The csQCA processes in Appendix 3 shows that the resource and the leadership interventions influence the outcomes of the DPs. Table 7 illustrates the final configurations. First, under resource intervention, only one configuration is sufficient to produce all outcome dimensions. Non-self-crafting rules and internal rule enforcement mechanisms in combination with maintaining nested autonomous rule-making arena are sufficient. In addition, self-crafting congruent rules in combination with maintaining a nested autonomous rule-making area is sufficient to achieve the outcome of interest. The solution formulas also suggest that self-crafting rules may have negative relations to provision and equity dimensions under a resource intervention context. Second, under leadership intervention, one configuration is identified. Users self-crafting congruent rules in combination with non-internal rule enforcement and maintaining loose autonomous rule-making arena are sufficient to contribute to all the outcome dimensions. Moreover, internal rule enforcement mechanisms and maintaining nested autonomous rule-making arena are also sufficient conditions to produce the provision and equity outcomes. The solution formulas suggest that under leadership intervention context, internal rule enforcement mechanisms may be negatively related to sufficiency dimension. Third, under both leadership and resource interventions, only maintaining a nested autonomous rule-making arena is sufficient to produce the sufficiency and the equity dimensions.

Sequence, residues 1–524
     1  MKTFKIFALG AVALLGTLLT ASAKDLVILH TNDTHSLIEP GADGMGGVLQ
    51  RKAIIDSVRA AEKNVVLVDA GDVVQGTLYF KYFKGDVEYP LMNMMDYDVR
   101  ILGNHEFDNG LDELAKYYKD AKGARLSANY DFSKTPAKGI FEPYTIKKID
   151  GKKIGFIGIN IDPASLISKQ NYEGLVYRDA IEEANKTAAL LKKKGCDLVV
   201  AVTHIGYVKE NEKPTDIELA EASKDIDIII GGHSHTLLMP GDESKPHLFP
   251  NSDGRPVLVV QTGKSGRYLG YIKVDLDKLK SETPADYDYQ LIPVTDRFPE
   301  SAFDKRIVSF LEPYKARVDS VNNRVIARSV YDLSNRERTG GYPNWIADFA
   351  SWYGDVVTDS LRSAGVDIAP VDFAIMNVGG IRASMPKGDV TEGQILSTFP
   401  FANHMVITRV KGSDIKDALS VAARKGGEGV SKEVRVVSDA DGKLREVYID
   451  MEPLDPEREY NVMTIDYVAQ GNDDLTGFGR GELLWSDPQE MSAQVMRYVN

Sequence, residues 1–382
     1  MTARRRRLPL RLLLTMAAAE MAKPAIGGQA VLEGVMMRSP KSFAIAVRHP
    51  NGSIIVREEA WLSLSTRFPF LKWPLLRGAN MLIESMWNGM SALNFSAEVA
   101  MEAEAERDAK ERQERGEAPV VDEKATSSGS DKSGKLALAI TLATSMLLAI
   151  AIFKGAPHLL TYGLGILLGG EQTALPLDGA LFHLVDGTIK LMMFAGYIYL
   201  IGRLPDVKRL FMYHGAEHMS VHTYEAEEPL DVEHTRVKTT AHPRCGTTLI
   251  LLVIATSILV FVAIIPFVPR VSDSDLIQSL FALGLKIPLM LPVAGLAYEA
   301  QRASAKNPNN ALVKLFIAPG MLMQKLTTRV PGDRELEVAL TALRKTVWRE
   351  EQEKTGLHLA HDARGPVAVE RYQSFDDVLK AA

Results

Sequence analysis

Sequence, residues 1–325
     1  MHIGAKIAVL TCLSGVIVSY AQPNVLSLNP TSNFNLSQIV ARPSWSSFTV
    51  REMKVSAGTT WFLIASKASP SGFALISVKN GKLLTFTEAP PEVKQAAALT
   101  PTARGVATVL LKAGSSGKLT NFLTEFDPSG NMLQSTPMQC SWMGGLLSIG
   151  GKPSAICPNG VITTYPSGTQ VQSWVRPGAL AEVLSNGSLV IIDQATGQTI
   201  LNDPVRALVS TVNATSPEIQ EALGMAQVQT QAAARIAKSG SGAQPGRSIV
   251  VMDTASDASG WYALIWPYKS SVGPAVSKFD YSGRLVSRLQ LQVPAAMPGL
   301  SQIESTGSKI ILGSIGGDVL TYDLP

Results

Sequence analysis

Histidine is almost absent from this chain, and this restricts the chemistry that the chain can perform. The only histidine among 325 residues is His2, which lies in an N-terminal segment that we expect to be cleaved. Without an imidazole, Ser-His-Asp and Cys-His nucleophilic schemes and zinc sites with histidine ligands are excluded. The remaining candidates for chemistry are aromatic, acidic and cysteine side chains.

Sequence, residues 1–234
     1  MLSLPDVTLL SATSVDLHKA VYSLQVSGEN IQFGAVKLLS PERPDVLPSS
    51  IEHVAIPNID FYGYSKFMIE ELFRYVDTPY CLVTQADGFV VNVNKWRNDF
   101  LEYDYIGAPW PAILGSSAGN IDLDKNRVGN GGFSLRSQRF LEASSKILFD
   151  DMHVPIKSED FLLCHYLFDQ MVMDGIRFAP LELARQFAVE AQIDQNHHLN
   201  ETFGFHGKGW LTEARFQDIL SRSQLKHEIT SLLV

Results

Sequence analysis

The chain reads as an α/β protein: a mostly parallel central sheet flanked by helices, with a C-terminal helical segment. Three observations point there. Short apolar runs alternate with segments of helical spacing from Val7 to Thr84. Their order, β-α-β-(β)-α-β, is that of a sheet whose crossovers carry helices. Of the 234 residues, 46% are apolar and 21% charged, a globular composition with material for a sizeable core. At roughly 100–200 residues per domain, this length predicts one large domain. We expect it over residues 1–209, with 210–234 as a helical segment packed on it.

|Interventions||Provision||Appropriation – Sufficiency||Appropriation – Equity|
|Only resource||Non-self-crafting rules||(1) Non-self-crafting rules||Non-self-crafting rules|
|Internal rule enforcement||Internal rule enforcement||Internal rule enforcement|
|Nested autonomous rule-making arena||Nested autonomous rule-making arena||Nested autonomous rule-making arena|
|(2) Self-crafting rules|
|Nested autonomous rule-making arena|
|Only leadership||(1) Self-crafting rules||Self-crafting rules||(1) Self-crafting rules|
|Non-internal rule enforcement||Non-internal rule enforcement||Non-internal rule enforcement|
|Loose autonomous rule-making arena||Loose autonomous rule-making arena||Loose autonomous rule-making arena|
|(2) Internal rule enforcement mechanisms||(2) Internal rule enforcement mechanisms|
|Nested autonomous rule-making arena||Nested autonomous rule-making arena|
|Both||–||Non-self-crafting rules||Non-self-crafting rules|
|Non-internal rule enforcement||Nested autonomous rule-making arena|
|Nested autonomous rule-making arena|
6.1. Variable-by-variable study: characteristics of the self-governance under authoritarianism
The one-by-one DP variable analysis can identify the characteristics of self-governance under controls or interventions of authoritarianism, including formalized institution and low participation, intervened self-crafting rules under the resource intervention, high external recognition under the leadership intervention, and inefficient formal sanctions.